3. One reason we think unity is reached at the expense of the truth is that we have codified truth in modern ways, not ancient. We thus create a laundry list with which you must agree with me in order to have unity with me. The Scripture, I am convinced, tells us to follow Christ and as we do we find others who also follow him, others in whom the Spirit resides with love and power. When we discover this we can then learn to walk together in deeper unity. We cannot know unity until we follow Christ, the “center” (Bonhoeffer). We want to agree first and then walk together as one. Thus modernity is a major problem for us at this very point. The ancient way was quite different. This does not mean there are no differences between the three classical Christian expressions, since there clearly are some big differences. However, it does mean that the apostles and early church fathers were not as interested in creating a check list to keep people apart from them as they were in teaching and urging people to be one in the faith. It was not easy to get into the early churches but they preserved unity. Today we get in and out far too easily. These habits have to be broken to even begin to pursue real unity with real people in different contexts from out own.

    It was my deep pleasure to be with you Michael. In getting to know you I feel like I saw how the love of Christ in you makes you the writer and person that you clearly are when you post your comments on this wonderful site that so many of us treasure.

    • Thank you, John.

      Your comment on different ways of knowing pre- and post-modernity is very important. It is at the root of many disagreements that emerge on this post, especially those of a theological nature.

  4. I remember being taught that the “first love” that the Ephesians had forsaken was love for Jesus himself; or alternatively perhaps, “we love Him because He ‘first loved’ us”.
    I can’t remember anyone proposing that the “first love” lost was the “love one another” command.
    I’m ot saying it’s untrue, it’s just that I’ve never heard this passage in Revelation explained this way before.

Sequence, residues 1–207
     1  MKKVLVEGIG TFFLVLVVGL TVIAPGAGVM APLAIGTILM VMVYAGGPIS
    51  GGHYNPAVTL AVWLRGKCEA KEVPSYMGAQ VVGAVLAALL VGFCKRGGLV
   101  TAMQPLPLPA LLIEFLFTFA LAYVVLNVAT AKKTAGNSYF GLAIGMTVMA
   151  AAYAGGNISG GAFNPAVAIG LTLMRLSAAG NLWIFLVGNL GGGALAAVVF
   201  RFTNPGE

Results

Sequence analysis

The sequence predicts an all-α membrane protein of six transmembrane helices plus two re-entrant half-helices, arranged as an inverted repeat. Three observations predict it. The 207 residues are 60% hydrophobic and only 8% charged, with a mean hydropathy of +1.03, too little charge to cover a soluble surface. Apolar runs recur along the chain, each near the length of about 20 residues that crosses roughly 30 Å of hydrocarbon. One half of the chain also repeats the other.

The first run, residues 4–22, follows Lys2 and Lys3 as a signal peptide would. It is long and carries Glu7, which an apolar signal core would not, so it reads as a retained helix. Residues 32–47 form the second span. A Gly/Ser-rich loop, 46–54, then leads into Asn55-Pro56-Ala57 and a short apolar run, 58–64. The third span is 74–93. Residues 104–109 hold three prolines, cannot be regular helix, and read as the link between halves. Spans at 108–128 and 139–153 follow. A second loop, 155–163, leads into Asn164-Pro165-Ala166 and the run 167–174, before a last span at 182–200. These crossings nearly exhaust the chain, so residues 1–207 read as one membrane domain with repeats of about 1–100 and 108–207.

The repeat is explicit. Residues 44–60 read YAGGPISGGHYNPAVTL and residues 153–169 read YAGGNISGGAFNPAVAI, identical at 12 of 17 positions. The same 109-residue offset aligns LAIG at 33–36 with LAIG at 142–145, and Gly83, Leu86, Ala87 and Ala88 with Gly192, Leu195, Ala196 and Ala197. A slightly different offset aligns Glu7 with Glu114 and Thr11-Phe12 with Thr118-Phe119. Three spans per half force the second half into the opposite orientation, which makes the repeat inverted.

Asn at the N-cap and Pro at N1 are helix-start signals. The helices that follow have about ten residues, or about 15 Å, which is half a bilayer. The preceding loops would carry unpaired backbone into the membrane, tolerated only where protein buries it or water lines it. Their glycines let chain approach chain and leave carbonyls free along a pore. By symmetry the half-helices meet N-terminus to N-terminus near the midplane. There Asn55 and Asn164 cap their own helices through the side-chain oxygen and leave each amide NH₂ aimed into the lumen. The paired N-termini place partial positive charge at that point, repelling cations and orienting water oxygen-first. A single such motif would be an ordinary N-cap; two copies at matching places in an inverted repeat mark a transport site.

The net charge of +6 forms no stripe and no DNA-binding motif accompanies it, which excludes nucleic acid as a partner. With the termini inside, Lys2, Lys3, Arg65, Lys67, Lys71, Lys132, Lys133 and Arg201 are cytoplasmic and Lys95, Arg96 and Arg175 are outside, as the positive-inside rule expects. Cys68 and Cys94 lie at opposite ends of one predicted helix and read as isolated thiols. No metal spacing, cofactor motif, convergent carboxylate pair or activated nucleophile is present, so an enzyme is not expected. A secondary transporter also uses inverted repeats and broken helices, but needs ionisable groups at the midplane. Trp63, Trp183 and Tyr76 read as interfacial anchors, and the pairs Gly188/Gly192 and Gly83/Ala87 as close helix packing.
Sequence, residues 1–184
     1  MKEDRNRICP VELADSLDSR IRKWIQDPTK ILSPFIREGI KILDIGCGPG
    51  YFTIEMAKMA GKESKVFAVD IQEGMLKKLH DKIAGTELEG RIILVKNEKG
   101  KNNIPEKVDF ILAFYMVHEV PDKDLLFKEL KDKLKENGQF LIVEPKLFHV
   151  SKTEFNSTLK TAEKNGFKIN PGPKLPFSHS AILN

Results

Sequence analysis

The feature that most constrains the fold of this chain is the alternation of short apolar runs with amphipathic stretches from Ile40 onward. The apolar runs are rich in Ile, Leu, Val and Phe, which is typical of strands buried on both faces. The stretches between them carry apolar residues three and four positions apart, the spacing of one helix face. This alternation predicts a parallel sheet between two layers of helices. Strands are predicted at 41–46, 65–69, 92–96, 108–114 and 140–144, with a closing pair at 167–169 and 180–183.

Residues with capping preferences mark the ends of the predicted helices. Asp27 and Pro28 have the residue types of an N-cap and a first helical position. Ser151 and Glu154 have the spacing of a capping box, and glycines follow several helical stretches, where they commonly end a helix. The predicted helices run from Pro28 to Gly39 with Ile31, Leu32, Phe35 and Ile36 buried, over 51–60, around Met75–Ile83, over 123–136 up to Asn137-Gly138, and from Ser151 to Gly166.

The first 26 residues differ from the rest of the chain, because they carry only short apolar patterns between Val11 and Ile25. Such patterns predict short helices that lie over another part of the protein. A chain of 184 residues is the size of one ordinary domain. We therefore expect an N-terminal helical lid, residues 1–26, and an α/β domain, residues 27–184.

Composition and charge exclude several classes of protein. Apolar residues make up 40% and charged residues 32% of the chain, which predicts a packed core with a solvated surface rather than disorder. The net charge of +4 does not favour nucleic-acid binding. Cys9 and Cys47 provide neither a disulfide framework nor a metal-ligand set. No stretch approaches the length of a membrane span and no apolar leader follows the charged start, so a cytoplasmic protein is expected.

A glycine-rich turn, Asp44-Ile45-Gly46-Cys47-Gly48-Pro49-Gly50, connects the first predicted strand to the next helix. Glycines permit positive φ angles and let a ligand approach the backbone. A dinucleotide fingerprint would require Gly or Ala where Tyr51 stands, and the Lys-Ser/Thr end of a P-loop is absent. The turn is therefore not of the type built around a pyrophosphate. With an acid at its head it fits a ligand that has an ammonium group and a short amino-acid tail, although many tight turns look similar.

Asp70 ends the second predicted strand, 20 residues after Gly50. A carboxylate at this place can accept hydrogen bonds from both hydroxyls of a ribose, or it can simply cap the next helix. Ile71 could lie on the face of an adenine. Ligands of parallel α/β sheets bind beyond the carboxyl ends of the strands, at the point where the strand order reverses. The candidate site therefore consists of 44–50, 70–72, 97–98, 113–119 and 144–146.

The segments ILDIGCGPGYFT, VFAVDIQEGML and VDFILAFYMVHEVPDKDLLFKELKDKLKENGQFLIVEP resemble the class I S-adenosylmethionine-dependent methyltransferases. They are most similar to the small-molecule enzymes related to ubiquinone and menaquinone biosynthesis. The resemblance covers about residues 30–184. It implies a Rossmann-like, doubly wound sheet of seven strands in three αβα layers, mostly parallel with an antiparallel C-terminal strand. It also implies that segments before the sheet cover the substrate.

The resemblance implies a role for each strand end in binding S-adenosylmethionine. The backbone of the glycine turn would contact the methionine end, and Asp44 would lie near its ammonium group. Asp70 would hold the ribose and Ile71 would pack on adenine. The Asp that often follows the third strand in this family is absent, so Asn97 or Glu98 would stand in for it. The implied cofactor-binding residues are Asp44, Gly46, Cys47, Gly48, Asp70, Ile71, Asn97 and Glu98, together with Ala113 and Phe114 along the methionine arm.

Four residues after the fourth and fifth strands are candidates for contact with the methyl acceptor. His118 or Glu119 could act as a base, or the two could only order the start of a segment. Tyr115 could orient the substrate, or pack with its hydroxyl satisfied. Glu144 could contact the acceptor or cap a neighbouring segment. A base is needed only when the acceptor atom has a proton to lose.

• The text doesn’t identify the object of their “first love”—it just says they have left the love they had at first. This could include love for God and/or love for others.

      • Thanks for the clarification. It’s amazing how I can many years I can hear a passage interpretation that someone brought to the text.

  5. I believe that the kind of unity to which Jesus called His disciples in John 17 is something entirely different than the kind of unity that the church, for the most part, has tried to achieve or enforce over the centuries. Jesus expressed His desire that they be fused together (mind, heart, and spirit) in the same way that He is connected with His Father — a complete oneness where the self is submerged in a common, intense brotherly love. I’d say that the unity Jesus is talking about is more akin to the relationships that often develop between brothers-in-arms — who, through the stesses and experiences of war, attain a love that will lay down its life for a brother without pause — than it is to the kinds of unity produced by government, law, or recognized authority.
    History has made it clear that religious unity enforced and maintained by an all-powerful church or state is merely a heavy lid on a boiling pot — doomed to explode when the pressure becomes too great to contain. And the thin icing of unity spread over denominationalism is just a general agreement to disagree — a unilateral ceasefire, while we build institutional entrenchments to keep those who agree in and those who disagree out.
    Perhaps the reason that so many of the church’s historical efforts at unity have failed is because we’ve been aiming at the wrong target.

  6. Thank you for the lovely “thoughts” and following comments. I am a follower of the True Life in God messages. The mission of Vassula Ryden is the Unity of the Church, and in the messages we are told that the key to Unity is humility and love. Jesus has also said that if we can only unify the dates of Easter he will do the rest. To this end we have a website
    A unity based on Christian love and humility is so important to acheive. If we could only start by unifying the dates of Easter.

    • Ann: I really warm up to the “humility and love” part of your appeal. Agreement over the date(s) of Easter, not so much. The resurection , of course, is a very big deal, but you’ve lost me about tuning onto a particular day. I don’t remember the NT making this important.

      Welcome to the IMONK discussion, by the way.
      Greg R

  7. The idea of ecuminical unity is one that I have believed since college, where I was challenged by some pretty liberal Roman Catholic priests. These guys preached ecuminism like I had never heard, and it convicted me terribly.

    The quote from Armstrong made me think of one question: “Why are we more willing to show love to the unchurched than those of a different background or denomination?” (Note: I am as guilty as any in this respect. No claims of perfection implied here!)

    • With whom is it easier to speak hurtful things, be rude or inconsiderate, take for granted, and express unwarranted irritations–your family or someone out in public?